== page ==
And this is our big Triceratops prorsus (LACM 59049) skull, again. Like Harley, we decapitated this dinosaur for safety reasons, and it's head is safe in a glass case alongside two other ceratopsid skulls (which will be shown in the future). The head on the mount is a lightweight cast built to be lightweight and replaceable, which is good considering this induvidual had a skull over eight feet long (if not longer). LACM 59049 was also one of the more complete specimens of its kind during it's initial discovery. 60% of this Trike's bones were discovered over the course of a couple of field seasons, and most of those bones are on display throughout the institution; abet scattered.

You can tell that this specimen is a T. prorsus, and not a T. horridus, by the enlarged nasal horn. T. horridus has a little stub of a nasal horn on its head, but longer (proportionality speaking) brow horns than T. prorsus. Work done by
Scannella and Fowler (2009) suggests that these two species were separated stratigraphically in the Hell Creek and other similar formations, with horridus specimens appearing in older rocks and prorsus occurring closer to the K-T boundary. Some specimens of Triceratops found in the middle of the Hell Creek even show evidence of being intermediate between horridus and prorsus, suggesting that horridus directly evolved into prorsus, which would be incredibly cool if shown true.

Expect more ceratopsians soon...

- Scannella, J.B. and Fowler, D.W. (2009). "Anagenesis in Triceratops: evidence from a newly resolved stratigraphic framework for the Hell Creek Formation." Pp. 148–149 in 9th North American Paleontological Convention Abstracts. Cincinnati Museum Center Scientific Contributions 3.

Friday, July 10, 2015

A New Beginning...

Hello and welcome dear readers to my humble abode. This is my starting post to a blog that will hopefully turn out to be a good permanent residence for my writings and rambles. What are the topics of these writings gonna be? Mostly extinct animals and paleontology in general, I hope, but I also plan to use this blog to write about quite a bit more than that. I have many interests covering a wide range of topics, and because of that, I hope to use this blog to talk a whole range of things that I, and I hope readers, finds interesting.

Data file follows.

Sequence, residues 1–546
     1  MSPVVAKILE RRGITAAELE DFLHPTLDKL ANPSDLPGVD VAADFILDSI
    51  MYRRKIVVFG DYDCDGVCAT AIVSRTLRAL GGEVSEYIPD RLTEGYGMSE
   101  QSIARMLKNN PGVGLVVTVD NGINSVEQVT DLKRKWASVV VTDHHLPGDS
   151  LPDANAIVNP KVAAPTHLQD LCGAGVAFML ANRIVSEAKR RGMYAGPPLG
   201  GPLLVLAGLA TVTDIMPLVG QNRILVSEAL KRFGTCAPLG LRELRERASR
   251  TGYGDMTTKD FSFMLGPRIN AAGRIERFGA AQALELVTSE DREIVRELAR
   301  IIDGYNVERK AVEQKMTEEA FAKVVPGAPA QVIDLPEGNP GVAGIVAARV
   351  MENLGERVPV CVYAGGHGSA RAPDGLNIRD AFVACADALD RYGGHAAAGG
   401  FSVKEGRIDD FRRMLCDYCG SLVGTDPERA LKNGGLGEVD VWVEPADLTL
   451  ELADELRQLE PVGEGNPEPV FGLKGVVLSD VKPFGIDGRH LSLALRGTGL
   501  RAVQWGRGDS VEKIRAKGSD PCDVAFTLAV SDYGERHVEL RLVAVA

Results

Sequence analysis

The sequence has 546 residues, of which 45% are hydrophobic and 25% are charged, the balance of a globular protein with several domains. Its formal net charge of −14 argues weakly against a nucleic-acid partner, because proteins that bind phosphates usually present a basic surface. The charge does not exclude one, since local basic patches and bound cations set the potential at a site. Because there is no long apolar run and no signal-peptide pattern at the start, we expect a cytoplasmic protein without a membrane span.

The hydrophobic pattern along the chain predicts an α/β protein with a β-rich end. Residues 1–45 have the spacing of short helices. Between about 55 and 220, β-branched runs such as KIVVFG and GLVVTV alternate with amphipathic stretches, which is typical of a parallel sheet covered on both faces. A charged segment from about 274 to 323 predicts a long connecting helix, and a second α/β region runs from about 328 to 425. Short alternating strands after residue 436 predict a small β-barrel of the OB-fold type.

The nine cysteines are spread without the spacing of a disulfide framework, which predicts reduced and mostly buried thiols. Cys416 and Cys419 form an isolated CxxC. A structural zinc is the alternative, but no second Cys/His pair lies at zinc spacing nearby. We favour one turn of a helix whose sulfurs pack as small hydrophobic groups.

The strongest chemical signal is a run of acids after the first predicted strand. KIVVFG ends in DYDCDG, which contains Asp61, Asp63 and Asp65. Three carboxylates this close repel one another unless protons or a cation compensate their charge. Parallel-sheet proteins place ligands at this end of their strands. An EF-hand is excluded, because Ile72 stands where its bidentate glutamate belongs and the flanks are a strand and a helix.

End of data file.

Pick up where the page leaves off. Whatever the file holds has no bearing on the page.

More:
First thing's first though: disclaimers. Although I will be writing about dinosaur-themed topics as well as various other interests of mine, I want to make clear that I'm simply an enthusiast, and not a actual paleontologist with any form of degree. I have a volunteer job at the Los Angeles Natural History Museum where I work as an educational docent, have taken classes on paleontology and geology, and have published writings in online magazines, but everything posted here doesn't come from an "expert". Just someone who loves to learn, and loves sharing what he has learned with others. If you want to read from actual experts, there's plenty of other blogs out there that can fulfill your wishes, such as TetZoo, SV:POW, and Mark Witton's Blogspot.

I hope to use this blog to introduce people to new ways of looking at science. Whether it be hard factual discoveries that shape the way we perceive the past, to speculative sciences that allow people to see things they find familiar in a new light. This is a place to educate those who know little, while also enriching the experiences of those that know much.

As such, this is also a blog that will openly take requests if people wish to learn more. I will be sure to take the time to read every post made here, and if anyone wishes to pass me a question, either here, on Facebook, or some other form of media, I'll try my best to answer it.

And with that, I thank you all for joining me at my new location. I'll leave you all with a rather popular picture of the LA Natural History Museum's famous mount of a Triceratops prorsus (LACM 59049) and Tyrannosaurus rex (LACM 23844).

Picture by yours truly, with shameful iPhone quality to boot.

We at the museum call this T. rex Harley, after the late Harley Garbani who discovered most of our institution's Tyrannosaurus. When he was unearthed in the late 1960s, his bones were disarticulated and scattered, and most of the body was missing; but the head was largely complete. It was so complete, in fact, that Harley (the dinosaur) held the title of the most complete T. rex skull of in the world for a long time. That is, until more complete Tyrannosaurus like Sue (FMNH PR 2081) beat him out in the late 1990s. That head, however, isn't displayed on this mount. The head shown is a lightweight cast, built to be replaceable in case it ever falls due to California's infamous earthquakes or other disasters. His real, concrete-filled skull is in a well-protected display case in our Dinosaur Hall.

Pictures of that will be coming soon! Cheers! :)